This is a proposal which is fair to the taxpayer, affordable for the tenant, brings additional choice to the tenant, is cost effective for the housing association, and maintains the social housing stock.

3) A permanent reinvestment Social Finance Homes Fund.

The Government has invested more than £40 billion in housing associations, who are now running a current and predicted profit in excess of £2 billion each year for the next few years off the back of above-inflation rent rises.  At the moment, housing associations don’t pay interest on this financial support, while if councils borrow from the public works loan board they do. Government could transfer these grants into an equity fund which attracts the same rate of interest as the public works loan board and includes a ‘pay or pass’ interest approach – allowing housing associations to roll up interest (owe it rather than pay it) where they can’t afford to pay it if they are themselves in financial trouble.

This would create a new permanent re-investment vehicle into affordable housing of millions of pounds every year – creating a sustainable and permanent stock of low cost housing for the UK.  Coupled with social finance, this could create a major boost for new affordable homes.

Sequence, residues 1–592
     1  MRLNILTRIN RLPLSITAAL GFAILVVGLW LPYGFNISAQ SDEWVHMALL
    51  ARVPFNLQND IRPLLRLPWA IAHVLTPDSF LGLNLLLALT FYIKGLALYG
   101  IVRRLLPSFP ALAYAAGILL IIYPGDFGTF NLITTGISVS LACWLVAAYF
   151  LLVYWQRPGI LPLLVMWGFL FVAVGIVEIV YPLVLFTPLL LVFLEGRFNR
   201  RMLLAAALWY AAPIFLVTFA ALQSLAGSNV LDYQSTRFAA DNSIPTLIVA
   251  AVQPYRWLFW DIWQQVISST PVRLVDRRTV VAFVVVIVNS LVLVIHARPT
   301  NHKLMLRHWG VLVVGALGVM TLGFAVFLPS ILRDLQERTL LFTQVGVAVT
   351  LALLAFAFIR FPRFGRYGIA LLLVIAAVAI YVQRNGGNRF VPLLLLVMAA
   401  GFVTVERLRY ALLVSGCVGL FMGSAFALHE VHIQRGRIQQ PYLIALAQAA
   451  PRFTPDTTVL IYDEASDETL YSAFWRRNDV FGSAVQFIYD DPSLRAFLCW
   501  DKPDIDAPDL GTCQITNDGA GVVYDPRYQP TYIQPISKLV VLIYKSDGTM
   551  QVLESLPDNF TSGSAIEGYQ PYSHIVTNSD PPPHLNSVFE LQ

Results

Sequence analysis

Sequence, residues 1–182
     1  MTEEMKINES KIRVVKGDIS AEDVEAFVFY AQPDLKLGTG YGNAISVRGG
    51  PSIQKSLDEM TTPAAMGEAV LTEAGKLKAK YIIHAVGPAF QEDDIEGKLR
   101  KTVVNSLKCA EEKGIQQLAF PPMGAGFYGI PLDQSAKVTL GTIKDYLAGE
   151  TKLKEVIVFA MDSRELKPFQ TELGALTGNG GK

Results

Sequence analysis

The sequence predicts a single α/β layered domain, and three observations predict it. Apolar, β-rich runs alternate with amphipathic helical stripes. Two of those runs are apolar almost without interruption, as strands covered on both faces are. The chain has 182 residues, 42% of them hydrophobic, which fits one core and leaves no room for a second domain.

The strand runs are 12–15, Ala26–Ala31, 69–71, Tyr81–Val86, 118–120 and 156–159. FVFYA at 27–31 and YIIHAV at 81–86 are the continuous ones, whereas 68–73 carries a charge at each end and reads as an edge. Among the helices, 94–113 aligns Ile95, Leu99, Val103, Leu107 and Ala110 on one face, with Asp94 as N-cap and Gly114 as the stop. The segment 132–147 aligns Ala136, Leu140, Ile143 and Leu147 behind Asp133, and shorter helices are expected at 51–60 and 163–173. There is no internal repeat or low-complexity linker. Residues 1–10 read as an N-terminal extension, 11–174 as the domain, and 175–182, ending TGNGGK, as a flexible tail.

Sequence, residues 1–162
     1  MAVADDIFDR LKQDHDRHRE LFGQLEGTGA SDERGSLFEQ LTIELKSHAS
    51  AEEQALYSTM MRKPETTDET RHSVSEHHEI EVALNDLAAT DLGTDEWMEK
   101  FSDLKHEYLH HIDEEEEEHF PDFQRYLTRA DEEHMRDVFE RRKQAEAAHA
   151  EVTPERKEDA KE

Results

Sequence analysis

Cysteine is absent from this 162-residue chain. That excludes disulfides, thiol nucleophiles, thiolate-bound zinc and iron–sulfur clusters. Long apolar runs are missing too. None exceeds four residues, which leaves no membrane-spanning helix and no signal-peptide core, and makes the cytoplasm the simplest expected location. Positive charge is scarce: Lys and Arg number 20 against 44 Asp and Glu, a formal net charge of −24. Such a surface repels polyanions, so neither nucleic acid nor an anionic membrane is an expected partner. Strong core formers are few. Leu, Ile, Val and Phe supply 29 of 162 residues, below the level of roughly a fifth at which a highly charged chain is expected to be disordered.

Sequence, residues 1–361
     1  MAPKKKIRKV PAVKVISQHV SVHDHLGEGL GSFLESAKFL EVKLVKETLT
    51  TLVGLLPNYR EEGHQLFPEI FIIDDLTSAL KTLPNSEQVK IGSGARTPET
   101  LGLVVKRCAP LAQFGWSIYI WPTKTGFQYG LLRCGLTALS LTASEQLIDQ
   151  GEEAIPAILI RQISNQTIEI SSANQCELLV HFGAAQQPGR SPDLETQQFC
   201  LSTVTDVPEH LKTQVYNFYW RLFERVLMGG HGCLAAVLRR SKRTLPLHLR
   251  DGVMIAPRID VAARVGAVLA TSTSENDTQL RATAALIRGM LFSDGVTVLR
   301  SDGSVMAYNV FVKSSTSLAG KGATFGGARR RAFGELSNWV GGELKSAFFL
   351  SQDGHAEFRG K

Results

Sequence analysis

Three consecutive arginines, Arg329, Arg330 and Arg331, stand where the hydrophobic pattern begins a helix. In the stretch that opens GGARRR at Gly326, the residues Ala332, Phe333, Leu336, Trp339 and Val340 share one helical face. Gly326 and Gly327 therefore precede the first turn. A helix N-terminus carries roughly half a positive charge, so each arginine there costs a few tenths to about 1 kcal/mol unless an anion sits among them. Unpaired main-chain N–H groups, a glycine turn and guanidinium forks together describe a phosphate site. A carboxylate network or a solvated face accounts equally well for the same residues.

These are just three ideas, but there are many variants. There are new ways to save for your property and buy it over time, through home purchase plans, which do not require traditional mortgage financing or a deposit.  There have been suggestions to turn all rights to buy into a huge shared ownership scheme for all tenants, or a home-stake scheme which converts all tenants rights into equity shares in their homes. There is much which can be done to free up home ownership for everyone, to reverse the decline. Those for whom the current system works will of course moan and say it can’t be done. Yet we are the party of property ownership, property fairness and property opportunity. Encouraging and enabling property and home ownership is a key Conservative belief.